Volunteers helped Israel Air Force get off the ground

If you’ve ever wanted to know what it’s like to interview rock stars right after a concert, try getting a word with Nancy Spielberg, the producer of “Above and Beyond,” the true story of the heroic American volunteers who started the Israel Air Force, and Lou Lenart, one of these pilots, after a screening at the Jerusalem Film Festival.

When Lenart stood up at Spielberg’s urging after the July 15 screening, he received a standing ovation. The 94-year-old Lenart, who served as a Marine in World War II and led the IAF’s first mission on May 29, 1948, deflected compliments, telling many well-wishers in the effusive crowd, “I’m honored to meet you.”

From “Above and Beyond”

The documentary, directed by Berkeley filmmaker Roberta Grossman, will have its North American premiere at the San Francisco Jewish Film Festival. It screens Sunday, July 27 at the Castro Theatre in S.F., with subsequent screenings in Palo Alto and Berkeley.

Spielberg got the idea for the film after reading an obituary about Al Schwimmer, an American World War II veteran and flight engineer who has been called the godfather of the Israel Air Force.

“I thought, how did an American become the godfather of the Israel Air Force?” she said. Spielberg, who had done promotional writing and had produced and worked on several documentaries, among them “Elusive Justice: The Search for Nazi War Criminals,” had one hesitation before she proceeded in moving ahead. “It sounded like a Spielberg movie,” she explained.

Once her brother, Steven, who had thought of making a movie on this topic at one point in the ’90s, gave her his blessing, she immersed herself in everything to do with the Machal — volunteers from abroad who helped the Israeli army during the War of Independence, particularly those who created the IAF. “I learned a lot out of doing research, talking to these guys,” she said.

Spielberg went looking for a director and found Grossman, who had made a number of acclaimed documentaries, among them “Hava Nagila” (which opened the 2012 S.F. Jewish Film Festival) and “Blessed Is the Match: The Life and Death of Hannah Senesh.” There was only one hitch. At first, Grossman wouldn’t take her calls, which puzzled Spielberg.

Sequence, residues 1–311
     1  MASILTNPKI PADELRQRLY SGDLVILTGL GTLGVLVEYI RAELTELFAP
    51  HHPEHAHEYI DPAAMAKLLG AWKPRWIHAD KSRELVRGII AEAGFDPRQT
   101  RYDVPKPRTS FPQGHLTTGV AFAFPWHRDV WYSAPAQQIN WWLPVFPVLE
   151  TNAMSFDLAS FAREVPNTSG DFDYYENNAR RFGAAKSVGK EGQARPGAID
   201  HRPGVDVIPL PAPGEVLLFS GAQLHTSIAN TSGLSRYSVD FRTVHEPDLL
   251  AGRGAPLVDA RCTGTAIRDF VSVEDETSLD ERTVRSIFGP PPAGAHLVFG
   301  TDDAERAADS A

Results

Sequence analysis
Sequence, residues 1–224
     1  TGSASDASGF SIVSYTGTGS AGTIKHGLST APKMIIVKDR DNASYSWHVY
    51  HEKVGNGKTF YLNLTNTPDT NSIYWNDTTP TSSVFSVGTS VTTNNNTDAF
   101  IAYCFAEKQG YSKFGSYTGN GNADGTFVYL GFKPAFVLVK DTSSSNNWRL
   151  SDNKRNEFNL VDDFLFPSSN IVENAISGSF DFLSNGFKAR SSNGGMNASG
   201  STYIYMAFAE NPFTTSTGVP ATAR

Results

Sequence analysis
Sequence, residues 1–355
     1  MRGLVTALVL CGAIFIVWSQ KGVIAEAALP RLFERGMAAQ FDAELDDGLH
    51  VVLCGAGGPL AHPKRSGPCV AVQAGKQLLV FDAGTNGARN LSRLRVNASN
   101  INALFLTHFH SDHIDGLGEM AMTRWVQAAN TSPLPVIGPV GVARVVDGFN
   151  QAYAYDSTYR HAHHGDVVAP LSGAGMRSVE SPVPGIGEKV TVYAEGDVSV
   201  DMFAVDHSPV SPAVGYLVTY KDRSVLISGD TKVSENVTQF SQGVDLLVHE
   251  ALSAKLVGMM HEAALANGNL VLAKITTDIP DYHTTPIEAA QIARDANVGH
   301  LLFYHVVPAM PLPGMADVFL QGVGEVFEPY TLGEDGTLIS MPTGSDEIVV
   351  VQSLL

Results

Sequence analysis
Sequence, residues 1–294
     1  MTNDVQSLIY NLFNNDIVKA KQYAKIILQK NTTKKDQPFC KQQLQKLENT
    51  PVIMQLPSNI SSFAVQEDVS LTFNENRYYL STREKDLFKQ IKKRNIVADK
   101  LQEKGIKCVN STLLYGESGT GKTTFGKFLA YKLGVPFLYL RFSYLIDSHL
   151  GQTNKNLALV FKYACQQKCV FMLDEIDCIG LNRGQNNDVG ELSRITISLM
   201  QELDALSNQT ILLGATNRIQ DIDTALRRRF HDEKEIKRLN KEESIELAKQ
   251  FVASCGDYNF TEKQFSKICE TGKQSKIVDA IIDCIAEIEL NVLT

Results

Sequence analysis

Then she discovered another one of the perils of having a brother who is among the most famous directors on the planet. “Roberta always [joked with] her assistant, ‘If Spielberg calls, tell him I’m busy.’ ”

Once Grossman understood that it was Nancy Spielberg on the line, however, the plan took off. Spielberg and Grossman started work together and interviewed the surviving pilots. Spielberg also assembled the archival material she knew she would need for the film.

During her trip to Israel this month, Spielberg visited her daughter, Jessica “Jessy” Katz, a contestant on “The Voice,” who lives in Tel Aviv, and noticed, “People were standing outside trying to film the rockets as they fall. But back when the IAF was starting, Israel had no money for cameras. There wasn’t time or energy to document what they were doing the way we do today.”   

But she did manage to find wonderful photos and even some live-action footage, although she somewhat reluctantly supplemented this with carefully done re-creations of some of the action.

“One of the hardest parts of making the movie was deciding what I had to leave out,” she said. “There were so many capers, so many stories, you can’t include them all.”

There was no room for all the details of how Schwimmer actually created dummy companies in order to be allowed to buy planes, and how some of the pilots were arrested when U.S. Treasury agents discovered that the planes were headed for Palestine.

In addition, “There were certain basics that we have all been taught in the Jewish world, that I had to include so that it would hold up for a mainstream audience.”   

The film is headed for a theatrical run in 2015, and Spielberg hopes to make it widely available afterward via DVD and live streaming.

Next up: “The feature film version of this story.” That’s a big switch for Spielberg, who has spent years distancing herself professionally from her brother, and is proud that she accepted no financial help from him for “Above and Beyond” and did her own fund raising. But she feels comfortable now working in filmmaking.

“When the shoe fit, I put it on,” she said.

“Above and Beyond,” 7 p.m. Sunday, July 27 at the Castro Theatre in S.F., 6 p.m. Monday, July 28 at the CinèArts in Palo Alto, 2:15 p.m. Aug. 3 at the California Theatre in Berkeley. Producer Nancy Spielberg and director Roberta Grossman will appear at S.F. screening. (87 minutes)

Reprinted by permission from the Jerusalem Post,